Regulars / Review of the Year 2015

Review of the Year 2015: Top 25 Features

Including a day with Pentagram, a long conversation with an angry McBess and a journey into the world of tranny boxing – these are the long reads that grabbed your attention.

  • Francoise-mouly_interview_int_list Features / Illustration The New Yorker art editor Françoise Mouly on what makes an unforgettable cover

    In 1968, as student protests swept through Paris and the world seemed full of hope and on the brink of real, lasting change, Françoise Mouly had a front row seat. Aged 13, she had stayed in the city with her father while her mother and sisters joined the evacuation. “It was a great, great time,” she remembers. “Usually I don’t like crowds but there’s something really nice about that shared belief that you can actually change the world.

    Rob Alderson
  • Mahaney_130125_apartamento_bob_gill_0011-its-nice-that-list Features / Graphic Design Designer, proselytiser and visual communication critic: an interview with the inimitable Bob Gill

    During Bob Gill’s time in London in the 1960s, the BBC invited him on to a children’s TV show where he was to draw along live as an actor read the nursery rhyme Rub-a-dub-dub. The producer said Bob could make some faint outline sketches before filming began but he refused to even read a proffered copy of the story, committed as he was to doing it in real time. As the cameras rolled though, he soon found himself hopelessly behind and by the end the paper was covered in a series of meaningless marks. “They were so angry,” he laughs. “I thought they were going to kill me!” True to form he’s turned this into a great anecdote which he tells with relish, but it says something important about his creative integrity too.

    Rob Alderson
  • Dazed-new-list Features / Graphic Design "Everything has changed": new Dazed art director Jamie Reid talks us through the mag's redesign

    After graduation, most people face a brief period of jubilation, a longer comedown, and an even longer period of “what the fuck do I do with my life now.” But once these jitters have passed, if you’re driven (and a bit lucky) a few years can sail past and you gently get your nervous little feet in the door, and pedal them up some sort of mythical “career ladder.” Few people go from graduate to art director of Dazed in the space of four years. But that’s what Essex-born, sharp-as-a-tack young designer Jamie Reid did. And not just that, but in his first two months in the job, his team redesigned the whole damn thing. In the true spirit of the mag, they ripped it up and started all over again.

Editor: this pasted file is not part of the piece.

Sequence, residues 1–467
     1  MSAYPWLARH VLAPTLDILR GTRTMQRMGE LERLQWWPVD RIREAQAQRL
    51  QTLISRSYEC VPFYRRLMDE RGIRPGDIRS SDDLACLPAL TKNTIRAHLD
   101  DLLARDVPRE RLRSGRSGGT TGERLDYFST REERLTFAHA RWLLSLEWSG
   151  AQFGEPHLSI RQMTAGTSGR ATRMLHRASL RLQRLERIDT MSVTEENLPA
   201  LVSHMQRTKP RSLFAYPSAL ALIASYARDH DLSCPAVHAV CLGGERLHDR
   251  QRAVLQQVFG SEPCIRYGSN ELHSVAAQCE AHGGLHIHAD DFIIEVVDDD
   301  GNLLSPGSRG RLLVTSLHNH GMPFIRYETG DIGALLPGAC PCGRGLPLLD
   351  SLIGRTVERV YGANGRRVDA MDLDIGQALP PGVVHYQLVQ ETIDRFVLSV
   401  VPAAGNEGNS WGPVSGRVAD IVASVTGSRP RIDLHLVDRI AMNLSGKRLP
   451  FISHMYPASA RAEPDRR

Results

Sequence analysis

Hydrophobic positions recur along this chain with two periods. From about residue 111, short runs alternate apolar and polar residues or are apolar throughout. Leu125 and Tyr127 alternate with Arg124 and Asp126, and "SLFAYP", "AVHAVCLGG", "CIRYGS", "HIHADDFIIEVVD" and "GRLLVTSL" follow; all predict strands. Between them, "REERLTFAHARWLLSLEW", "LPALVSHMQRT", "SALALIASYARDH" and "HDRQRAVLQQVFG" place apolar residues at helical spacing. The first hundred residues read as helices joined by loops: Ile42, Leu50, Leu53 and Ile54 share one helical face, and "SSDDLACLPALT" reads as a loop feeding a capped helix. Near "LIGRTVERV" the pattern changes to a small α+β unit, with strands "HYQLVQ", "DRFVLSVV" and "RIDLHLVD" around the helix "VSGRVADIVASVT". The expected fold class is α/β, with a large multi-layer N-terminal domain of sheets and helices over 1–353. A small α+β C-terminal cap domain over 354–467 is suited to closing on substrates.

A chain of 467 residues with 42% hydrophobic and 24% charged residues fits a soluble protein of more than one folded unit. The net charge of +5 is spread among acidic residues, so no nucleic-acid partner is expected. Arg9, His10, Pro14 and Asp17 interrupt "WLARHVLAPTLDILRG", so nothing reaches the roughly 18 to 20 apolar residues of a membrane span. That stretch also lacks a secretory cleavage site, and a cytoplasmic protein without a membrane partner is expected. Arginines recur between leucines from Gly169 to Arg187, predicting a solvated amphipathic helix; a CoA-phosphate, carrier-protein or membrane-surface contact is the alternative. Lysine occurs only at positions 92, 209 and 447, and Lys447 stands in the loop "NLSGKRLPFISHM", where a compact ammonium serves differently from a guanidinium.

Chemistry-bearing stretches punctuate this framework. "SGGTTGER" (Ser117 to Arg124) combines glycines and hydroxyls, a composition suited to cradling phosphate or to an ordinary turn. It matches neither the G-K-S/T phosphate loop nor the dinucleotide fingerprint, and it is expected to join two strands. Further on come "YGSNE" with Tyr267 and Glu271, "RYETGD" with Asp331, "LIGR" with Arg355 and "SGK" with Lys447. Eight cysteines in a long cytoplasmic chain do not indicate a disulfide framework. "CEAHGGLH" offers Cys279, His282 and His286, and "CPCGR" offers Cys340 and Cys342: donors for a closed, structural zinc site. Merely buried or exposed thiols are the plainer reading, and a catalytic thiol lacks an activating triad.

Emily Gosling
  • Workwear-camille-walala-itsnicethat-list Features / Workwear Workwear: mural artist Camille Walala walks us through her wardrobe

    With Fashion Month kicking off today with the first day of New York Fashion Week, we’re launching the first in our latest Workwear series of features which look to find out what creatives really wear to work and why. There’ll be another five fab dressers coming up over the course of the next four weeks, all of whom were shot by Elliot Kennedy.

    Maisie Skidmore
  • Charles-traub-itsnicethat-list Features / Photography Up close with an eccentric and colourful cast of 70s passers-by, courtesy of Charles Traub

    “As we walk up and down streets in big cities you look at people, you exchange glances,” says Charles Traub. “There’s something nice about being noticed, whether it’s a slight flirtation or just a feeling that in another context you’d like to know someone.” Long before the cult of street photography became somewhat hackneyed, Charles was on the streets of Chicago and New York picking out faces from the stream of passers-by. During his lunch breaks when working at Columbia College Chicago and New York’s Light Gallery in the late 1970s, Charles would stand on busy street corners with his Rolleiflex and wait for the world to walk past. Between 1977 and 1980 he took some 400 portraits of strangers with disarming and revelatory intimacy, and his favourites have just been published in his new book Lunchtime.

    Alexander Hawkins
  • 00_%e2%80%93_aa_studio_list_1448x948 Features / Graphic Design Aesthetics, academia and architecture: inside the cool, considered world of AA Print Studio

    If people are a product of their environment, then perhaps an aesthetic can be a product of the environment it was made in, too. This less-than-scientific hypothesis came to us sitting in the quiet, calm and studious environment of the AA Print Studio offices, where some of the most beautiful, considered in-house graphic design of the last decade has been quietly pushed out into the world.

    Emily Gosling
  • David-luraschi-itsnicehtta-list Features / Photography Prolific iPhone photographer David Luraschi takes to the streets of New York

    Paris-based photographer David Luraschi hasn’t spent time in New York City for a good while now, so when the opportunity arose to pass a few weeks wandering the city, visiting friends and snapping people on the street unawares, as is his wont, he grabbed it. “I kind of revisited my experience as an American in America,” he says. “I always forget how monumental it is – not necessarily the architecture but just the size and the amount of people. I think that is always surprising.”

    Maisie Skidmore